Lord Young: we need clearer, simpler H&S regime in construction
A government report into health and safety and the compensation culture has recommended more clarity on laws to be followed by the construction industry, Construction News reports.
Lord Young was asked to look into the subject by Prime Minister, David Cameron, to tackle “compensation culture” in the UK. He said that construction stakeholders had told him they were having trouble applying health and safety regulations.
A submission from the Institute of Civil Engineers (ICE) stated that the difficulty interpreting the term “reasonably practical” caused a great deal of unnecessary burdens and costs for those working in industry.
The report says: “As a result there was strong support for more detailed, targeted advice on interpreting regulations and carrying out risk assessments from the Health and Safety Executive, particularly from those representing small and medium sized enterprises (SMEs).”
Young also suggested to the Health and Safety Executive (HSE) that it require minimum standards for safety consultants and set up a body to police these requirements, with a website carrying details of individuals’ consultations. The proposal that the qualification should be a degree and two year’s work experience.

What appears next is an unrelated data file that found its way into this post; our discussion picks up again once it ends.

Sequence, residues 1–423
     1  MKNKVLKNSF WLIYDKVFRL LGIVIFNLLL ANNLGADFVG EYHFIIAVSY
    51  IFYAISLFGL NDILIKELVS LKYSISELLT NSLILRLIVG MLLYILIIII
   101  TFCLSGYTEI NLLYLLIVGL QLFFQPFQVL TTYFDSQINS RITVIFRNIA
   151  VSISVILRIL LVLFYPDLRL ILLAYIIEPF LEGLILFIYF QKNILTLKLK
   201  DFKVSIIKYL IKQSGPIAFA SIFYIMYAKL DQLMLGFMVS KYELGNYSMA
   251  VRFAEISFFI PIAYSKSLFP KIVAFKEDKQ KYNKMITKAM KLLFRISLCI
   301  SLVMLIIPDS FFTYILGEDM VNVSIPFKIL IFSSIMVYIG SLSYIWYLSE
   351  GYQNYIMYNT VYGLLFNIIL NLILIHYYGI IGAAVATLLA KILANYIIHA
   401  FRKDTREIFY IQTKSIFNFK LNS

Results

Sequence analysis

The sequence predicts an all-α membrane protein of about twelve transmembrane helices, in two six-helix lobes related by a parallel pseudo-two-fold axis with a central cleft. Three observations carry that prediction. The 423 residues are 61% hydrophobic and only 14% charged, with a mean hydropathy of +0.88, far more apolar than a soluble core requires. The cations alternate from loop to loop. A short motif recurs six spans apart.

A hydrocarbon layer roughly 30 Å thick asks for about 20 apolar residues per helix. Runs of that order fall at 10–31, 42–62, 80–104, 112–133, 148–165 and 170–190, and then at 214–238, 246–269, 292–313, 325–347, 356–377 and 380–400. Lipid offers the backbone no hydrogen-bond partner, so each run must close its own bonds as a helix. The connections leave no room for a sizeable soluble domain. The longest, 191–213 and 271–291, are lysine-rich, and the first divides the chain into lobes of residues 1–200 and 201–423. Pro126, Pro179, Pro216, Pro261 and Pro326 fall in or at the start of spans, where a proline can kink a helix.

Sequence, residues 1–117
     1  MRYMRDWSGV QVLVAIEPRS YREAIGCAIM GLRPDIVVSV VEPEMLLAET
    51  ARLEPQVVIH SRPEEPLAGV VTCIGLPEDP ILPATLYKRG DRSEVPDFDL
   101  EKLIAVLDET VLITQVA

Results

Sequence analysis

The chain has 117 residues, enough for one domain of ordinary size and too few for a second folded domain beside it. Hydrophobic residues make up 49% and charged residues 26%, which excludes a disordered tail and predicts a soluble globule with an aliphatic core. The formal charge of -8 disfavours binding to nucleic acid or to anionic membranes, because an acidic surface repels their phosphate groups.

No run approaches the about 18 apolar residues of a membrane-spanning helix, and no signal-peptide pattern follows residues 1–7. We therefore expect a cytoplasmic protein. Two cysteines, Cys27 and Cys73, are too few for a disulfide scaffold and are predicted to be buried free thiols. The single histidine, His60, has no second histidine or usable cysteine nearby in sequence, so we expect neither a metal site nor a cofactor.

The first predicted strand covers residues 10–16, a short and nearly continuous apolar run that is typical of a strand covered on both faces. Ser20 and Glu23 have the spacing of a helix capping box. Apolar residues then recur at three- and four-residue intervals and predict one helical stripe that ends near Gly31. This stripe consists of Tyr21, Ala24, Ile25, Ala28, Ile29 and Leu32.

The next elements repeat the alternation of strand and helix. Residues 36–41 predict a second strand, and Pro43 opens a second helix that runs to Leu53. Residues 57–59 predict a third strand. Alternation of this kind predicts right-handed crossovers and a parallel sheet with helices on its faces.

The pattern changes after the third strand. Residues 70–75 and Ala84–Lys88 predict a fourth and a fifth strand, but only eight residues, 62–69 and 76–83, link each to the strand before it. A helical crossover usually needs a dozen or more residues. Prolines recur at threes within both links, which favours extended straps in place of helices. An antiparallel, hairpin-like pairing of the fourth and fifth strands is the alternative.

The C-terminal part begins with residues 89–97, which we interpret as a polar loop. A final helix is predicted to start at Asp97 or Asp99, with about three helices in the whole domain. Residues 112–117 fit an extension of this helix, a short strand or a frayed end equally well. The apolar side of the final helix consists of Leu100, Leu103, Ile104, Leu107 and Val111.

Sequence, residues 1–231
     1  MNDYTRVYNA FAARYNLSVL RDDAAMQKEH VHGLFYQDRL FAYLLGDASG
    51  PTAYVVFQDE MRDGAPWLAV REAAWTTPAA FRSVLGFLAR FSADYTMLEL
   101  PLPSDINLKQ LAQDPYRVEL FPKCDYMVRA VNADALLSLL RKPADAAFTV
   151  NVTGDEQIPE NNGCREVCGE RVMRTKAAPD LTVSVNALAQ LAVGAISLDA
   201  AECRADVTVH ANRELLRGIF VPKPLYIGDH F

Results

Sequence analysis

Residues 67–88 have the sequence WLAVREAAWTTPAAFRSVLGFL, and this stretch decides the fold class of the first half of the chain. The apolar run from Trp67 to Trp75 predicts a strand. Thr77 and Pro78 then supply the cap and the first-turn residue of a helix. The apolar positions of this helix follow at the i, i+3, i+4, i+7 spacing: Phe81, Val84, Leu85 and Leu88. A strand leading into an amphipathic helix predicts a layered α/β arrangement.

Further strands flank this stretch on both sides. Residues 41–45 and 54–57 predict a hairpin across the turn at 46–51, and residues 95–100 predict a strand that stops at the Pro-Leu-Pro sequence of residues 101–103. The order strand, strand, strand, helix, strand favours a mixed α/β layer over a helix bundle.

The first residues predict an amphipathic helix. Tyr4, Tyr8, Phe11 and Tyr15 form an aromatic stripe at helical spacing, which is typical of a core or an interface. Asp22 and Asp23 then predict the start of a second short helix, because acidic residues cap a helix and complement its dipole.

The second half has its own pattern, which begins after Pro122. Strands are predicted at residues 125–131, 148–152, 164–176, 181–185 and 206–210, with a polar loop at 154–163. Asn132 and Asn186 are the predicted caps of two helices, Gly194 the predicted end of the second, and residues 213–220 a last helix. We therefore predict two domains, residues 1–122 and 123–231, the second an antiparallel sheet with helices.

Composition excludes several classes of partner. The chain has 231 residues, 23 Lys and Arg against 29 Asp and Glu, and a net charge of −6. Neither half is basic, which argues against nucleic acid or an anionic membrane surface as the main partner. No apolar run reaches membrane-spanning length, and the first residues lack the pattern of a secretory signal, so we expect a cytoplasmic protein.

However, a submission from the Constructional Steelwork Association said that setting minimum standards too high could “move us from a situation where there are too many consultants to one where there are too few.” It thought that endorsements from trade associations might be preferable.
Meanwhile, the Construction Enquirer website says that Young’s report recommends reducing the bureaucracy surrounding the RIDDOR accident reporting regulations.
Construction companies currently have to file a RIDDOR report if an employee is off work for three days following an accident: Lord Young is calling for that period to be extended to 7. This would also be the first step in a wider campaign to revamp the law.
Away from construction, the report suggested the adoption of a simplified claims procedure for personal injury claims under £10,000 on a fixed-cost basis similar to that for road traffic accidents. It also called for the restriction of the operation of referral agencies and personal injury lawyers as well as curbing the volume and type of advertising.
Amongst others, contributions were received from the CBI, Construction Skills, the Federation for Small Businesses, ICE, the TUC and Unite the Union.